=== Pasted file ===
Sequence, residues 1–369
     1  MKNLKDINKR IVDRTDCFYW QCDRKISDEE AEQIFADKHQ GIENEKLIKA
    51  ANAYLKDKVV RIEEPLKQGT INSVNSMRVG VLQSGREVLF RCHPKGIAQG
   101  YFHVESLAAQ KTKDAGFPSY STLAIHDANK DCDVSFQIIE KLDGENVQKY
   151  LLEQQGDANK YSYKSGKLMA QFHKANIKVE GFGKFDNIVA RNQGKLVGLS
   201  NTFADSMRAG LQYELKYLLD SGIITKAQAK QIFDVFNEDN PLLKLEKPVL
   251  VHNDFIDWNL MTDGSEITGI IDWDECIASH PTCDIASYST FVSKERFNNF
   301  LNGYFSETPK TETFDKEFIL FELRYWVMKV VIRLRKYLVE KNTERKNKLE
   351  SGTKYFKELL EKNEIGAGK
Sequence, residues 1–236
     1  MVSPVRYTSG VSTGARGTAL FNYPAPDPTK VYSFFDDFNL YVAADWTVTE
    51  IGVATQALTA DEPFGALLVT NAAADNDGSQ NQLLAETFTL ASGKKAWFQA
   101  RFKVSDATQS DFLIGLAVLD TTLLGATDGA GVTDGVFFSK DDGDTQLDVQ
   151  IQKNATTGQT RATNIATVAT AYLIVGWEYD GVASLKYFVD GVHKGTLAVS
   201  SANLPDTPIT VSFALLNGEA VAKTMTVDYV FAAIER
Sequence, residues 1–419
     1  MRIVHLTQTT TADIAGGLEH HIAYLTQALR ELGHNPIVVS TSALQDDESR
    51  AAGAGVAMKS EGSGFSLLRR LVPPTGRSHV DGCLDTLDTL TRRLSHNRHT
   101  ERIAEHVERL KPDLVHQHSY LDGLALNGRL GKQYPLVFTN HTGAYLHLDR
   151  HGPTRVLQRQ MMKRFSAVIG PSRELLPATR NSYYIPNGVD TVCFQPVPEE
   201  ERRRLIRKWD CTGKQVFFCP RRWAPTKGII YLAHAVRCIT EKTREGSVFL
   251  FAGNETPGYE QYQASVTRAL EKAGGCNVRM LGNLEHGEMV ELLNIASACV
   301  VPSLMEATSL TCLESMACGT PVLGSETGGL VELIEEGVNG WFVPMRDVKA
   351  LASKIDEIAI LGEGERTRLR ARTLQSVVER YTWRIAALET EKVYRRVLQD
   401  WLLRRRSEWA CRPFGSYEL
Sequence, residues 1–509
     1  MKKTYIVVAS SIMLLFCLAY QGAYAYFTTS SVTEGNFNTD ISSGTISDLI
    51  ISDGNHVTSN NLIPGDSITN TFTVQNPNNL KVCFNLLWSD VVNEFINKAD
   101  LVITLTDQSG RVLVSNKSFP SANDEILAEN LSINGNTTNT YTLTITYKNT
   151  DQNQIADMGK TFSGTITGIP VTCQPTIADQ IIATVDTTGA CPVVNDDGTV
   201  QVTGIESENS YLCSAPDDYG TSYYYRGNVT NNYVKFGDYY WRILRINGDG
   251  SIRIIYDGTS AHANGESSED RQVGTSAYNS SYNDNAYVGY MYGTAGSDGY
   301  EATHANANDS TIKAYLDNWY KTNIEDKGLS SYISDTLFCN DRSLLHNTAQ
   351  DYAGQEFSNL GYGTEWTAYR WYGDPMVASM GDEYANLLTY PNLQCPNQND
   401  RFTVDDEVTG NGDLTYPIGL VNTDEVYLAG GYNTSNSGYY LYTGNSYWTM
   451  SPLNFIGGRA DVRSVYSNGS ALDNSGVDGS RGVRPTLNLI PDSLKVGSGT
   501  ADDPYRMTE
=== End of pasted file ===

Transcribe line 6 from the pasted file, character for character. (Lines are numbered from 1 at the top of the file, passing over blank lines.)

   201  NTFADSMRAG LQYELKYLLD SGIITKAQAK QIFDVFNEDN PLLKLEKPVL